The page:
Immigrants & Advocates Oppose Anti-Immigrant Bill

Bill proposed today attacks innocent students and powerless families

Monday, September 26, 2011. BOSTON —Immigrants, advocates and concerned citizens across the state today condemned a new bill introduced at a noon press conference that could potentially invite racial profiling and punish innocent students and powerless families. The bill was introduced after local media exposure of some DUI incidents involving undocumented immigrant, but it largely ignores the issue of driving under the influence and instead imposes punitive measures that would establish invasive and costly procedures in numerous arenas, thus unnecessarily burdening taxpayers' wallets while encroaching upon the civil rights of all state residents.

"This bill demonstrates an over-reaction on the part of legislators that should trouble all those concerned with public safety, with efficient use of resources, and with the protection of civil liberties," said Eva Millona, Executive Director of the Massachusetts Immigrant and Refugee Advocacy Coalition. "MIRA encourages lawmakers to oppose its passage and instead support comprehensive immigration reform in Congress, as well as embark on a focused examination of the serious problem of drunk driving itself."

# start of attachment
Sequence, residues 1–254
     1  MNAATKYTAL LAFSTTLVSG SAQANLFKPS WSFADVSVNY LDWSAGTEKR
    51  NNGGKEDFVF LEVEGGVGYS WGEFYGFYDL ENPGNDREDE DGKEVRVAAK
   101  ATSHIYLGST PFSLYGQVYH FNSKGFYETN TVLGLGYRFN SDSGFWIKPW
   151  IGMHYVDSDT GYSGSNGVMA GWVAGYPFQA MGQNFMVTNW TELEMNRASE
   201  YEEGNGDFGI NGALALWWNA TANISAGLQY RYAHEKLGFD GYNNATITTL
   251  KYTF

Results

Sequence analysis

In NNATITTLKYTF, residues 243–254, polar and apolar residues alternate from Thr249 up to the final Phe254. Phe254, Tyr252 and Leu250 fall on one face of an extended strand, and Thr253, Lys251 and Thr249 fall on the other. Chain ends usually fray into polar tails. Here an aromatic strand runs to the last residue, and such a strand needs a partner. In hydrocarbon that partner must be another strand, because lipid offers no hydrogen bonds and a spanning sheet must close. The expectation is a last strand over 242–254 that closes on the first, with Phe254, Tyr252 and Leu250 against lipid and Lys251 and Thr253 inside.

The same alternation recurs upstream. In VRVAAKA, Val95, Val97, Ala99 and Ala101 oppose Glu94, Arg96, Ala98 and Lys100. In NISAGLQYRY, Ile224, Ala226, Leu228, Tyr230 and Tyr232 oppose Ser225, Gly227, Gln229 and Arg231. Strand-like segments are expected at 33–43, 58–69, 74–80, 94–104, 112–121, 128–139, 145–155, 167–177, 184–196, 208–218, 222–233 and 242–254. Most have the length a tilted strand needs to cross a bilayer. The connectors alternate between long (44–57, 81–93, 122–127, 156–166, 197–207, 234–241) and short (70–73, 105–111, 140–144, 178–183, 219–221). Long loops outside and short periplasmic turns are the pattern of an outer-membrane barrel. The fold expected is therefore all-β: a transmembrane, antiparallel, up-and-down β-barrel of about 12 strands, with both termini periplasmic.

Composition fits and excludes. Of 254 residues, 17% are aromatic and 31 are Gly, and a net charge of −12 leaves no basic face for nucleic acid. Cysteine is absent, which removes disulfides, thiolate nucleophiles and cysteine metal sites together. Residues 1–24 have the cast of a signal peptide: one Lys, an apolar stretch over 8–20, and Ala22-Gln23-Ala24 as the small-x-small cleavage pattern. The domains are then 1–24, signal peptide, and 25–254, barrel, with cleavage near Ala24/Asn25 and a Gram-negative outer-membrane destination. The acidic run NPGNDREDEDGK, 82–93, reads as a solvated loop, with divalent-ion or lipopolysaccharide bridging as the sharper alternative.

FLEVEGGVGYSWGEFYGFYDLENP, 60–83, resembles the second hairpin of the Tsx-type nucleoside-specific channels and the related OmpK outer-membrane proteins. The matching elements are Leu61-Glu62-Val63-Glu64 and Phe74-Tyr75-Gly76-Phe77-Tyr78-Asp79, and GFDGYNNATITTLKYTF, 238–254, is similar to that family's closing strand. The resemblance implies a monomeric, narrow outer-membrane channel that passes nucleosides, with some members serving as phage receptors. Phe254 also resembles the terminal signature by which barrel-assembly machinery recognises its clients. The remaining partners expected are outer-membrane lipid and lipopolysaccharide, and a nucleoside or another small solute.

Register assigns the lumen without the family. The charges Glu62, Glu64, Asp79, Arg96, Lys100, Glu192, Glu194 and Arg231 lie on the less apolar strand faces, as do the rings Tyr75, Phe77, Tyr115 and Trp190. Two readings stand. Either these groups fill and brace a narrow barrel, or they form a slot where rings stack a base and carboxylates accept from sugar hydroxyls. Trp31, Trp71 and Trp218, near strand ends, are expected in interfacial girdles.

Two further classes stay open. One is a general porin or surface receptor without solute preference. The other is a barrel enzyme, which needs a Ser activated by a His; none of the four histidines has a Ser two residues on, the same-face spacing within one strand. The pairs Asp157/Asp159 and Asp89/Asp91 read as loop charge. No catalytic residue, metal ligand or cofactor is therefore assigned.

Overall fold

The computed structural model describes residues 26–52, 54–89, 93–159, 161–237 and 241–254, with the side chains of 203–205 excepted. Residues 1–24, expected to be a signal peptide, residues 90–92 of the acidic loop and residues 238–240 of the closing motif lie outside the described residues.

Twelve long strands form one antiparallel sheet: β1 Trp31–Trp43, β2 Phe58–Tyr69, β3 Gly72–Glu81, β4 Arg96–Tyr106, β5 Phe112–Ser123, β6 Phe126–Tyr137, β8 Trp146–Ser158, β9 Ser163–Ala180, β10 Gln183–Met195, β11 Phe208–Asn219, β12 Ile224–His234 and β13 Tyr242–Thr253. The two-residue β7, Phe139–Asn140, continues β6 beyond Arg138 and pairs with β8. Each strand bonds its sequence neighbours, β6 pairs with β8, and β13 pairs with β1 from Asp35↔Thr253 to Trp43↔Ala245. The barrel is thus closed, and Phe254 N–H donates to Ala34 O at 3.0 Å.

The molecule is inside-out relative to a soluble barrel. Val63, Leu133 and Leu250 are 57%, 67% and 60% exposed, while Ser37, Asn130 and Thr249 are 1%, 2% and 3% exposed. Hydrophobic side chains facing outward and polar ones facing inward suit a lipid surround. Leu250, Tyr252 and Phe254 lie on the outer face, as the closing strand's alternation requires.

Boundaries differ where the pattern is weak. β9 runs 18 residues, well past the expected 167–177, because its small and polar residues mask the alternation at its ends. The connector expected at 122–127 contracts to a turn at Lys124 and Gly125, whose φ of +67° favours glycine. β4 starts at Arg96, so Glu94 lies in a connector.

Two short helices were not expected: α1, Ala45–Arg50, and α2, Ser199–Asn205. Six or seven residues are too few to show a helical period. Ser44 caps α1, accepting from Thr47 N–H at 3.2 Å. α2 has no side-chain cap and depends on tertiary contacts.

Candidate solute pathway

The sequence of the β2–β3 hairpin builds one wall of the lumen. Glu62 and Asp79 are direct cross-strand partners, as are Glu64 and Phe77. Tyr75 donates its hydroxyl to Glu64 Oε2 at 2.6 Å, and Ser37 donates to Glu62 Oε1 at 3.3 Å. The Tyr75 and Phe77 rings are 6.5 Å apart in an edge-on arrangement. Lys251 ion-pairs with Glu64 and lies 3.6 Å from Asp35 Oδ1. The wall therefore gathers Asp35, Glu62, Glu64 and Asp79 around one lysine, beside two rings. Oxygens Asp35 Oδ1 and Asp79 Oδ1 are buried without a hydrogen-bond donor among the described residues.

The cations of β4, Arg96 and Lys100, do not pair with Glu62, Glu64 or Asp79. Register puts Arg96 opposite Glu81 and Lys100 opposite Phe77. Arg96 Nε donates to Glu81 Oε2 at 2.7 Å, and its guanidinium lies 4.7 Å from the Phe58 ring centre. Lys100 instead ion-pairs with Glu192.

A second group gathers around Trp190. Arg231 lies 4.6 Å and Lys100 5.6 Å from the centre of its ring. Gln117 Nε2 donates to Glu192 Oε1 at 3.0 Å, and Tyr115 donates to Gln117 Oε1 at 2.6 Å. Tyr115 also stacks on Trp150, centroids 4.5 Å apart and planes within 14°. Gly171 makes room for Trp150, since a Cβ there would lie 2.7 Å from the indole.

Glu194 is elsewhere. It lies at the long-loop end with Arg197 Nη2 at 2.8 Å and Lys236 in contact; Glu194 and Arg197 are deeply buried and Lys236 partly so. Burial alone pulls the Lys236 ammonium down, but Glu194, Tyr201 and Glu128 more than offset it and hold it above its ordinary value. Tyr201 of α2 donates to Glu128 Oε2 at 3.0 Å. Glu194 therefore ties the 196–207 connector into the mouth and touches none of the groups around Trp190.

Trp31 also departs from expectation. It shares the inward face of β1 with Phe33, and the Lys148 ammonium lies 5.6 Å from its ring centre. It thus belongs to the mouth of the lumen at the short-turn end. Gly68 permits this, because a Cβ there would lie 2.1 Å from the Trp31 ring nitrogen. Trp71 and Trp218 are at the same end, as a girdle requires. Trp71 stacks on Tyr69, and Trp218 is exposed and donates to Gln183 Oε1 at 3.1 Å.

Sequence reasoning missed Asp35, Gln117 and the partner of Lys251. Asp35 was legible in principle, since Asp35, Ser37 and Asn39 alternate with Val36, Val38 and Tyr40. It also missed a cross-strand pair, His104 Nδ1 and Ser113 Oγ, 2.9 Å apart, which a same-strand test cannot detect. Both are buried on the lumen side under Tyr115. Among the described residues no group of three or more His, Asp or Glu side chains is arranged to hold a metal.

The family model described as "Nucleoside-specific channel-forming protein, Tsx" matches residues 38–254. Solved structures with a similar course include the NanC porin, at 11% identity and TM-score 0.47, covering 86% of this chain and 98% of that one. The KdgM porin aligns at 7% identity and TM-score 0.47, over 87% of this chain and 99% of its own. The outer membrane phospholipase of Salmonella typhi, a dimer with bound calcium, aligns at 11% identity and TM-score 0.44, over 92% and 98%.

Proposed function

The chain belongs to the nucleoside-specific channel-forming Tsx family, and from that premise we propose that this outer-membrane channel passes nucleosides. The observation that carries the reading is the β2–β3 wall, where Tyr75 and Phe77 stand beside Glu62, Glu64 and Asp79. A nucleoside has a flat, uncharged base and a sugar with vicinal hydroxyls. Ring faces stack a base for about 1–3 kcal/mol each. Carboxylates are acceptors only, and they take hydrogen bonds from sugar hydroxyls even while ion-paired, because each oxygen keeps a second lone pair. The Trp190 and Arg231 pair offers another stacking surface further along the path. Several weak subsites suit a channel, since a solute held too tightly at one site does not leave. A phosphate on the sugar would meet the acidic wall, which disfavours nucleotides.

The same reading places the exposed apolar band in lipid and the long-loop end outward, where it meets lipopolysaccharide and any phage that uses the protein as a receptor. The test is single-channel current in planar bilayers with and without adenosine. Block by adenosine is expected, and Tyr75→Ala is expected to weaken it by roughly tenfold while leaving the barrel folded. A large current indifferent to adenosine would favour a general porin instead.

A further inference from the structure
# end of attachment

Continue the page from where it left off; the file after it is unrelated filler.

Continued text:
Among its provisions, the bill would:

  • Deny impoverished U.S. citizen children access to public housing if they are the children of undocumented immigrants.
  • Permanently ban in-state tuition to undocumented immigrant students (including numerous valedictorians), thus depriving the  state of millions in revenue every year and hampering the development of highly skilled Massachusetts workers.
  • Impose burdensome requirements on the Attorney General's office by establishing a complaint form to report on suspected unauthorized workers.
  • Require the Department of Revenue to undertake costly studies on undocumented immigration, despite evidence that the majority of undocumented immigrants pay taxes, (the Perryman Group estimates undocumented immigrants in Massachusetts account for over $5 billion in economic output that would be lost if they were removed).
  • Force authorities to check the immigration status of every defendant they charge, thus encouraging racial profiling and damaging the relations between immigrant communities and law enforcement.
  • Create an invasive system of housing inspection that threatens to be used selectively against immigrant communities.

“These kitchen-sink bills targeting immigrants for adverse treatment at the local level only end up hurting the states that enact them,” said Iris Gomez, an immigration attorney at Massachusetts Law Reform Institute. “Apart from the broader economic consequences of turning into an inhospitable state for immigrants, public resources are squandered when states rush to enact and then have to defend problematic laws in court, only to have their implementation blocked by the courts as occurred in Arizona and three other states.”

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